• allergic and non-allergic;
  • congestion;
  • drug;
  • medication;
  • neurogenic;
  • pruritus;
  • reflex;
  • rhinitis;
  • rhinorrhea;
  • sneezing;
  • vasomotor


Background Rhinitis is characterized by inflammation of the mucous membranes lining the nose and can be divided into two categories, allergic and non-allergic. Drug-induced is a type of non-allergic rhinitis.

Objective A review of the literature was conducted. Very little is known about this topic and there are no publications to date solely devoted to drug-induced rhinitis.

Methods A PubMed and Medline search was conducted using a combination of the keywords; drug, medication, rhinitis, congestion, rhinorrhea, sneezing, pruritus, vasomotor, reflex, neurogenic, allergic and non-allergic. Medications that were found in the search were then cross-referenced with the physicians desk reference and Epocrates. The final literature search was conducted in August 2009.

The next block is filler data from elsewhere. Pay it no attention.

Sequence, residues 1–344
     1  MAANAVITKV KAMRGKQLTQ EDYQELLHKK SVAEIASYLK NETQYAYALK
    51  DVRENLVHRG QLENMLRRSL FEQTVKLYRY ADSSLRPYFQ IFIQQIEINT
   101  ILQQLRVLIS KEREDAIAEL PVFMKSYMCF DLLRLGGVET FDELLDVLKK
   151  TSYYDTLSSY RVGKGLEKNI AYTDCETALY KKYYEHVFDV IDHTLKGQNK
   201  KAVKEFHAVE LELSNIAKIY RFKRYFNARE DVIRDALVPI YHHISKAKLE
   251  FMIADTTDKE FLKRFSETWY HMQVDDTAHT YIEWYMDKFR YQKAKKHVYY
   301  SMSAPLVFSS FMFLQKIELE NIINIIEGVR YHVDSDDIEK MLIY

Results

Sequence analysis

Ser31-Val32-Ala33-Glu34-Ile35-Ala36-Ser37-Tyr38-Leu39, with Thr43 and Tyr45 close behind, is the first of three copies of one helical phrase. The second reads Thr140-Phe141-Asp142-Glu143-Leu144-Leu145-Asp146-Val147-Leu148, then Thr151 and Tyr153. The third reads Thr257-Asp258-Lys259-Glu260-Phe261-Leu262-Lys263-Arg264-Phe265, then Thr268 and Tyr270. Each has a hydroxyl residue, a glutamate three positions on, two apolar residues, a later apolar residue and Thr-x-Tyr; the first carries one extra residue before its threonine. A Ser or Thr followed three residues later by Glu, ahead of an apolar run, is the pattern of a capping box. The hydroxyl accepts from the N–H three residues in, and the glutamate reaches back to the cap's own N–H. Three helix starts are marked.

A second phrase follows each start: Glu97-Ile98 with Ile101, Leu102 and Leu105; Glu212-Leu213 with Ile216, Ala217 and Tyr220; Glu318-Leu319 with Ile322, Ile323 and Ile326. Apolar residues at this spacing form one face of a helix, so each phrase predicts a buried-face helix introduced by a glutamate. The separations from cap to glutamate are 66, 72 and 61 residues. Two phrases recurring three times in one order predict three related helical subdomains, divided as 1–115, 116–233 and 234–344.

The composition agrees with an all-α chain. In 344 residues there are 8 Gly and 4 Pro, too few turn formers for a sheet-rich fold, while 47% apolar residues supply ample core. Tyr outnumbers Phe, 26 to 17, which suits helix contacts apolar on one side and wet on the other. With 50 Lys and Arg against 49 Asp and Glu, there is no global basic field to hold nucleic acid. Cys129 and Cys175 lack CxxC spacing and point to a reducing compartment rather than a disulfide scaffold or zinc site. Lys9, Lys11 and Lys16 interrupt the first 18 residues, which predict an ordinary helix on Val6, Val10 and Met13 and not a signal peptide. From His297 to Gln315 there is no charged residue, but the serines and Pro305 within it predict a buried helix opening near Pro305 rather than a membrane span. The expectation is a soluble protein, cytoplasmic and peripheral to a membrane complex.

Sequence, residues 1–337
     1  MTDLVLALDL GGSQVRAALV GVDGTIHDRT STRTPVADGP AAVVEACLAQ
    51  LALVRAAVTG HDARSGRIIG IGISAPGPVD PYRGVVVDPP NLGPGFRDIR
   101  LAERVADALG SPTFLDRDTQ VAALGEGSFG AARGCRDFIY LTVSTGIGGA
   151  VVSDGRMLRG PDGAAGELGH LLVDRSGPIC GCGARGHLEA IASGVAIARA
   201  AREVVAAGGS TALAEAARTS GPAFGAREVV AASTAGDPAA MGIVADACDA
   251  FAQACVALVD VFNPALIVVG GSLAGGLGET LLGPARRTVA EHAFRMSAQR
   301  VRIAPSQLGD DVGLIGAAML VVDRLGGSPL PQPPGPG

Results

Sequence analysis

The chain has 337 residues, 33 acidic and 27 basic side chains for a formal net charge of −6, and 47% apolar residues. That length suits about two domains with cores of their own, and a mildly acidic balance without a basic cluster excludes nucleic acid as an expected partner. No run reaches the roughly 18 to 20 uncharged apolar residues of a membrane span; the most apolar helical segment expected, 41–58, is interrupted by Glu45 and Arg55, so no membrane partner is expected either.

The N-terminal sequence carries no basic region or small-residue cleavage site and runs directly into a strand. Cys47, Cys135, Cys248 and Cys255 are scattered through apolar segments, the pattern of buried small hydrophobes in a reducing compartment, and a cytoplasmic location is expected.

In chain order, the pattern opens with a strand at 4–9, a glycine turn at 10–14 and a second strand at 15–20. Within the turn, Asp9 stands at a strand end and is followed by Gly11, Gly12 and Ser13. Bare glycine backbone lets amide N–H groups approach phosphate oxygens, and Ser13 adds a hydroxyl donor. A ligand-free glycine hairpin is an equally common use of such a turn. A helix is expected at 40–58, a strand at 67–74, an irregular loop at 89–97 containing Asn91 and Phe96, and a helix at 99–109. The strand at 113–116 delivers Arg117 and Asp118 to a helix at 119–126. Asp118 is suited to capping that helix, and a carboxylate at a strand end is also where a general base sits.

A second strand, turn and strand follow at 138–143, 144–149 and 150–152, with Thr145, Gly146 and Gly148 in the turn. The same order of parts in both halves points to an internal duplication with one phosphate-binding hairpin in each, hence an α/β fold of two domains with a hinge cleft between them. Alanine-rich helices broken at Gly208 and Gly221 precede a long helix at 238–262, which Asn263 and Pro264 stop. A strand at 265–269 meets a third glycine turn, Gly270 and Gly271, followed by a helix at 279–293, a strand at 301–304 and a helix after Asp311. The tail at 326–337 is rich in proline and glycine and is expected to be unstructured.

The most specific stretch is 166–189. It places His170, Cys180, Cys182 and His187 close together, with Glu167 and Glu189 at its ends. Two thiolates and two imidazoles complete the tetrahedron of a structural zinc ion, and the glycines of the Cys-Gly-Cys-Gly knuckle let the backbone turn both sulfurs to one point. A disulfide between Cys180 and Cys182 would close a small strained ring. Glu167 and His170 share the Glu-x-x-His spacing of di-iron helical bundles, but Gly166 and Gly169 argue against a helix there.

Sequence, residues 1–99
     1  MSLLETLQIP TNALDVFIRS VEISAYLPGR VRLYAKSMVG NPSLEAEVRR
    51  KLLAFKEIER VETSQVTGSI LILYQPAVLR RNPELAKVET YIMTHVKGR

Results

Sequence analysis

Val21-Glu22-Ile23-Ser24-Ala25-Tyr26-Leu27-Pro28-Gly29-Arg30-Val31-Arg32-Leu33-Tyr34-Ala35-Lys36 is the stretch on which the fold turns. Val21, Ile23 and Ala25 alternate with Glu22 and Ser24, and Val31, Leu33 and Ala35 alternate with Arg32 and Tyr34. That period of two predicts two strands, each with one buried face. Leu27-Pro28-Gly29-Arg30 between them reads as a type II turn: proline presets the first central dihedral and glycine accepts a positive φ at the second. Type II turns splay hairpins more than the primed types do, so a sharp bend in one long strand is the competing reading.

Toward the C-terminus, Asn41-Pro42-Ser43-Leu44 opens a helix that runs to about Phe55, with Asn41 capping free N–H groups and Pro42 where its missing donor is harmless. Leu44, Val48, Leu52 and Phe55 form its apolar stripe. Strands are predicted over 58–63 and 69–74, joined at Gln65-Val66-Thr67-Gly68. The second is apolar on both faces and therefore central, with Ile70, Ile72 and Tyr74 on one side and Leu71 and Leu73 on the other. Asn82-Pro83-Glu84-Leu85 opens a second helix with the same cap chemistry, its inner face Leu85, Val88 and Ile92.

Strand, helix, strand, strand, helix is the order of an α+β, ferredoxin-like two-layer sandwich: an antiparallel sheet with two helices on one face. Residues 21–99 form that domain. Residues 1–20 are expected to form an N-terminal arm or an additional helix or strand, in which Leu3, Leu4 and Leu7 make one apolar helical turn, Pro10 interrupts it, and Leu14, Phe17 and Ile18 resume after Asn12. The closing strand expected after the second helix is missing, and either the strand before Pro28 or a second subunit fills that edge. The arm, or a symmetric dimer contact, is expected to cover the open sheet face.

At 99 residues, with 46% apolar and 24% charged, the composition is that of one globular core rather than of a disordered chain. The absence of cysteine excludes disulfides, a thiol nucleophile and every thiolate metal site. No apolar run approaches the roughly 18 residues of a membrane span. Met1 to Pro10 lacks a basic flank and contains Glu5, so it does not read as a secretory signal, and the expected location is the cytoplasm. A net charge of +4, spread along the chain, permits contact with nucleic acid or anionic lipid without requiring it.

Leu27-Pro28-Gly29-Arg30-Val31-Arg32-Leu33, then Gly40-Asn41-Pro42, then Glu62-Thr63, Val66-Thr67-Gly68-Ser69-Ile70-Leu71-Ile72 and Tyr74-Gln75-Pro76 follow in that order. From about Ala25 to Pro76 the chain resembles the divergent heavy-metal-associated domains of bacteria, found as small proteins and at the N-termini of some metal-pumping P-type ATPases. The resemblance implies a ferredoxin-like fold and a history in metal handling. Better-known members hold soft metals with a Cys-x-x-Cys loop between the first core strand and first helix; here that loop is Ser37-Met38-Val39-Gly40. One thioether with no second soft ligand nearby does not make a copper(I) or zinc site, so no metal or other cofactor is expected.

Results Three categories of drug-induced rhinitis exist based on the mechanism of action. These include local inflammatory, neurogenic and idiopathic types. Rhinitis medicamentosa, a form of drug-induced rhinitis, has unique characteristics.

Conclusion When possible, the offending medication should be discontinued or substituted. Although there are no established treatment recommendations for drug-induced rhinitis other than avoidance, clinical experience suggests that it would be reasonable to initiate use of an intranasal corticosteroid spray to treat symptomatically. The addition of an intranasal antihistamine in combination with use of an intranasal corticosteroid may be considered as step-up therapy if the intranasal corticosteroid alone is not effective.

Cite this as: M. Varghese, M. C. Glaum and R. F. Lockey, Clinical & Experimental Allergy, 2010 (40) 381–384.